Pranesh Prakash, former Research Director at the Centre for Internet and Society, likened such AI tools to a human being reading something and sharing that information in their own words. A couple of issues with this line of thinking. Firstly, just because something is public to read doesn’t mean that it’s open to copying, including for training Large Language (AI) Models. There needs to be a permission check. Much of GenAI is built on taking information from third parties without permission for training AI models. Secondly, the mass accumulation of content for training without permission or compensation cannot be treated the same way as human learning: there is a power law applicable here, and with ability to ingest, learn and replicate (even if not verbatim) at scale: the impact is disproportionate and exponential.

Perplexity also positions itself like an “answer engine”, similar to a search engine. This is a convenient positioning of the platform. Publishers choose to allow search engines to scrape their work because they index the content like a library does, and directs users to the appropriate website: it’s a symbiotic relationship, because it doesn’t replace the source of the information. In fact, publishers use tools to optimise their articles so that it’s easier for users to discover their content. They try to aid search engines in enhancing the ability of a user to make a decision to go and read something on a website or an app.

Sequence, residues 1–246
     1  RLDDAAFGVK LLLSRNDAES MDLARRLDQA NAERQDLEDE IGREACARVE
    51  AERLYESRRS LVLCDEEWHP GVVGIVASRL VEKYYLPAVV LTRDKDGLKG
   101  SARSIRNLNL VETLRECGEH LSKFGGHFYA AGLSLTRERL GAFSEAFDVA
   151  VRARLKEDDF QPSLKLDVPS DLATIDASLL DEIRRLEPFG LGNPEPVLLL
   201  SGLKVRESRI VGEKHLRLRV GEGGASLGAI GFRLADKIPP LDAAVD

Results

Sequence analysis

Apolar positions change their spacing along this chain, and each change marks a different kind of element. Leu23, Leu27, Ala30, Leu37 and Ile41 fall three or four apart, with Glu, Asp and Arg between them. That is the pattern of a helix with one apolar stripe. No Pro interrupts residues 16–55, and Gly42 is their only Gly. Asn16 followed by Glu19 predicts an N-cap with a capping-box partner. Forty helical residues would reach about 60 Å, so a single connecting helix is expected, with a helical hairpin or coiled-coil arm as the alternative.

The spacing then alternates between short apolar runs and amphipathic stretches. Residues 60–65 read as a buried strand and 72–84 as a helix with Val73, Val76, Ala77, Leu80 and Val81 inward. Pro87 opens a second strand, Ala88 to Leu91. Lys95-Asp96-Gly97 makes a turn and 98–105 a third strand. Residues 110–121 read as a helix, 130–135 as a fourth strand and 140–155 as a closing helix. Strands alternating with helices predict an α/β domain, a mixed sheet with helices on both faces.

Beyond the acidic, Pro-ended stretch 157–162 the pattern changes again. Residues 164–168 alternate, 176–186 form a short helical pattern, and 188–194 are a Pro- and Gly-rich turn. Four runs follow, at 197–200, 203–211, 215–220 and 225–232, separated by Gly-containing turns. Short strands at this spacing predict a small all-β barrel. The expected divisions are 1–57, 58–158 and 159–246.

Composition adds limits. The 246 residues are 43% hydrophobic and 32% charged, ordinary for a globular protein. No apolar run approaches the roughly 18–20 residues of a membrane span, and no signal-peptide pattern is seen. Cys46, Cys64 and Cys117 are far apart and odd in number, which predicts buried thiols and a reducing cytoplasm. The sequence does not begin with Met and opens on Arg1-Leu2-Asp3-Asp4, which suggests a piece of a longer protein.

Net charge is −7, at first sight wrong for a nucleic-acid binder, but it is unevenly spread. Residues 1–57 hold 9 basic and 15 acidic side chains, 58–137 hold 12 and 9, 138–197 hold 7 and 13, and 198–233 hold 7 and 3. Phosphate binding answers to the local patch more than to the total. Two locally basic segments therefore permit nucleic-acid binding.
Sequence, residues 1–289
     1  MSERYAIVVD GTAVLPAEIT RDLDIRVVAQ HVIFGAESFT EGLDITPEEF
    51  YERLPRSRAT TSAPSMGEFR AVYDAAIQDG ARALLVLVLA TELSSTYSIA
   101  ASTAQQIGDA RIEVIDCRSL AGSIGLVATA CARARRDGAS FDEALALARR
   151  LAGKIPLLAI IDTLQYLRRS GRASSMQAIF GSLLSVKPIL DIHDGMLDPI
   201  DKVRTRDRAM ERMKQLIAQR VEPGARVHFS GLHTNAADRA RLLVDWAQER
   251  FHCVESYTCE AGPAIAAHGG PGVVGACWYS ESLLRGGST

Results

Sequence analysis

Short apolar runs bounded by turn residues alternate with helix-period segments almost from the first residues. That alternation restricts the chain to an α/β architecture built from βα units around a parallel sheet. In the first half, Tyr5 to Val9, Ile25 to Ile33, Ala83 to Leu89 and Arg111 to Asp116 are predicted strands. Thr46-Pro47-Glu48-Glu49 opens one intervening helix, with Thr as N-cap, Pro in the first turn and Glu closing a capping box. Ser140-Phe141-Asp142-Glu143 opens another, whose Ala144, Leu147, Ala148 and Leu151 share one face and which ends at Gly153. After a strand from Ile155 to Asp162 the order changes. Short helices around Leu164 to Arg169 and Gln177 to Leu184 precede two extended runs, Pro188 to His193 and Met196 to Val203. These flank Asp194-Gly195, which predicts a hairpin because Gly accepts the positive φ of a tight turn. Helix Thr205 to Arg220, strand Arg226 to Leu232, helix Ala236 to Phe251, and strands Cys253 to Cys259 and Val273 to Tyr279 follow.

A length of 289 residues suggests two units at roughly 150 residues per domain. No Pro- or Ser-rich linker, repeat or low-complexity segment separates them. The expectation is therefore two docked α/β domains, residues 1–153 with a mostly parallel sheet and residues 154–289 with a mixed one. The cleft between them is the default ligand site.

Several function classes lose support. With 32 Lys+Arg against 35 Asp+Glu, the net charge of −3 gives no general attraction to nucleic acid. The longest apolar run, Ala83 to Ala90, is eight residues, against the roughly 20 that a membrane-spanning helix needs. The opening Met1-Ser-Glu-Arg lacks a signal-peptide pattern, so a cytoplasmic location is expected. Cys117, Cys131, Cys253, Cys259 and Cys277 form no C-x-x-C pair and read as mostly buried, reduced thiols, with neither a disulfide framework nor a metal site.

Perplexity and AI summaries do exactly the opposite: address the users’ needs directly, thus alleviating the desire to go to the source. The user and the “answer” engines win, but the publisher loses. This means that publishers cannot monetize the users presence via subscription or advertising, or encourage repeat usage via newsletters and apps. It can be argued that publishers can exclude themselves from indexing by AI bots which are scraping their content, but quite often AI bots refuse to honor codes that are meant to prevent such scraping. Huggingface, a repository of AI models, has added over 1500 new models per over the past two months: even if 10 per day are for language models, it’s a significant task for publishers to exclude such bots daily.

There is a risk that this might be seen as a big-tech vs publishers issue, and treat it the same way as the “link tax” imposed on Google and Meta in Canada and Australia, forcing them to pay publishers for links aggregated or added by users, but it isn’t. That idea is antithetical to how the Internet functions as an interconnection of links, and the pay-it-back approach of linking out.

Such an approach adds value to publishers. Instead of targeting platforms for a service that adds value, perhaps publishers are better served focusing on AI summaries that end up cannibalising their work.

Signing content licensing deals with AI companies is an exercise in feeding the beast that is devouring them.

(An edited version of this article was published in The Economic Times as a part of my TechNik columns)